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As part of the collaboration, LMA – which is one of two primes selected to participate in the final competitive phase of AIR6500 Phase 1 Project – will work alongside Leidos Australia to develop capabilities that can be integrated into an open architecture framework, supporting application development for the project.

“LMA is committed to partnering with Australian industry, academia and government to develop an AIR 6500 solution powered by a sovereign open architecture connected to a tactical cloud. This will enable the ADF to rapidly integrate best of breed capabilities from Australia and the US to meet emerging operational needs and defeat future threats.

“LMA’s solution will be developed in Australia, by Australians, creating in-country capability and jobs for Defence industry. Our solution will generate exportable advanced warfighting technology to enhance our military alliances and support Australia’s economic growth.

“Fundamental to Northrop Grumman Australia’s proposed solution for AIR 6500 Phase 1 is our unmatched expertise in developing complex, multi-domain, multi-mission weapons systems, our team is led by Australians with local understanding of how best to partner with the Commonwealth, and our investment in sovereign infrastructure that allows for the transfer of US technology to support the growth of an Australian defence industry.”

Speaking on Northrop Grumman’s bid for the AIR 6500 project, Christine Zeitz, general manager Asia Pacific, Northrop Grumman said that the bid capitalises on the company’s deep global expertise in battle command capabilities.

“The Northrop Grumman developed Integrated Battle Command System (IBCS) is the basis for our fifth-generation Joint Air Battle Management System (JABMS) solution offering and it is game-changing technology already making a great contribution to emerging Joint All Domain Command and Control (JADC2) capabilities for militaries around the world. The open, modular systems architecture Northrop Grumman Australia is developing will be the cornerstone of Australia’s integrated air and missile defence (IAMD) capability. It gives the Commonwealth the ability to bring in different C2s to allow the integration of current and future multi-domain capabilities and determine how they are integrated.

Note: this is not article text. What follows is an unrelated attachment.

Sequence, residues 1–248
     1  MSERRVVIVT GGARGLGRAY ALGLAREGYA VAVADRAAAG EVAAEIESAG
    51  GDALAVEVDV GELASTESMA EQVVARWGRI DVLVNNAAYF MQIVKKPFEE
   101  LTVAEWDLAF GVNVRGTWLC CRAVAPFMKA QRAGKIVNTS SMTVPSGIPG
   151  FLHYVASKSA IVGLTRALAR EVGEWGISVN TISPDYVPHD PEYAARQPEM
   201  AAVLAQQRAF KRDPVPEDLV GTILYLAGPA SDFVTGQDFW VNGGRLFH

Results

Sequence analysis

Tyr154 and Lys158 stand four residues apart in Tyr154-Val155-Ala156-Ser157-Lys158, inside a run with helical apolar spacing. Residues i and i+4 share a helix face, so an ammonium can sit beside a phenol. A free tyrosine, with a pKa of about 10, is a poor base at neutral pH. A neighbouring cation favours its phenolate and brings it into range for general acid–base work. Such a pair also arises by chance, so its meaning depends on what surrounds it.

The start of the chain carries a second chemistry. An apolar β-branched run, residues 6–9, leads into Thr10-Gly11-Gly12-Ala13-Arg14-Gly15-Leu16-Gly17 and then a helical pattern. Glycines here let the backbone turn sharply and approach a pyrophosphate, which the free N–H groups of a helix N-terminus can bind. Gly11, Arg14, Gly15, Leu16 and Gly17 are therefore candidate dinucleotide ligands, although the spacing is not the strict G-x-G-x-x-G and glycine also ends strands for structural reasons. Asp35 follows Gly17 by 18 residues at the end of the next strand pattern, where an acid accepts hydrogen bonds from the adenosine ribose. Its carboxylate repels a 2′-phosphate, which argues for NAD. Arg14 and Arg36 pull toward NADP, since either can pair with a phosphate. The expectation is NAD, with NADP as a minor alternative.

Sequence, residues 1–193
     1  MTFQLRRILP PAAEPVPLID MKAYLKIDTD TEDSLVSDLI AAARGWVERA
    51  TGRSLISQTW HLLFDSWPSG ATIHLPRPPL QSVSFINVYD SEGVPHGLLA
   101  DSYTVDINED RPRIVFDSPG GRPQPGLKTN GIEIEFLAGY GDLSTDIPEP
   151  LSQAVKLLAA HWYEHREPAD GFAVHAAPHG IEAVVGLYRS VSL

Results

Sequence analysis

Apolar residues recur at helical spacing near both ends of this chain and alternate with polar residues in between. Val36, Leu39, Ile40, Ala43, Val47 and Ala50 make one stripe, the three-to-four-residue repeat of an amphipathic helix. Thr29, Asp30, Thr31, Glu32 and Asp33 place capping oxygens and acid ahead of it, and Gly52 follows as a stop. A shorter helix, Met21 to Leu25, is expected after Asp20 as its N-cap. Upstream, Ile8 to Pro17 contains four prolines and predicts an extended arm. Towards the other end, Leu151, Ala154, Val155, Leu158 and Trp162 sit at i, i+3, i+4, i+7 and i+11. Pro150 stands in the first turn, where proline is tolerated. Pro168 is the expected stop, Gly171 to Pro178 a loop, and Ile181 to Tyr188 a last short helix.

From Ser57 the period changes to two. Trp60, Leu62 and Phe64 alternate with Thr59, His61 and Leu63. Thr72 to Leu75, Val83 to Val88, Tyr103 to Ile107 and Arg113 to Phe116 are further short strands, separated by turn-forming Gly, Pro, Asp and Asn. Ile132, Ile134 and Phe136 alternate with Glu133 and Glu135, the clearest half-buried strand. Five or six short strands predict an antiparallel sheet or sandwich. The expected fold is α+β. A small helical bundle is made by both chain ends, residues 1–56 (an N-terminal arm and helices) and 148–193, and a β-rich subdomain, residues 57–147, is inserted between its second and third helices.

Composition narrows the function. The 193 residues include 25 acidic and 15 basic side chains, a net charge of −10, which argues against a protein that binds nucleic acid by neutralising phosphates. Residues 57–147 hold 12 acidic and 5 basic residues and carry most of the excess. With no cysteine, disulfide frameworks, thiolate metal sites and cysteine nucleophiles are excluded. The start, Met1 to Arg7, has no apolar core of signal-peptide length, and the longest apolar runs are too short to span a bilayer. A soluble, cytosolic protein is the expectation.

“With support from our US Northrop Grumman team, we’re working with our 22 industry partners, including 12 Australian SMEs, in the areas of sensors, artificial intelligence and deployable capabilities to extend to the broader Australian supply chain. We’re doing this through our investment in our sovereign infrastructure, Parallax Labs, a distributed secure capability that supports the transfer of US technology to our Australian engineers and into our supply chain.

“We look forward to continuing to collaborate with our industry partners through the phases of AIR 6500 to bring the best of breed solution from industry to the Commonwealth to build an enduring and innovative Australian sovereign capability for the delivery, sustainment and ongoing evolution of the nation’s integrated air and missile defence (IAMD) capability.”

Already, both contenders have begun to showcase their uniquely Australian supply chains for the project, and draw from their international pedigree in building a unique, robust and innovative defence system. 2023 will shape up to be an exciting year!

Article courtesy of Defence Connect.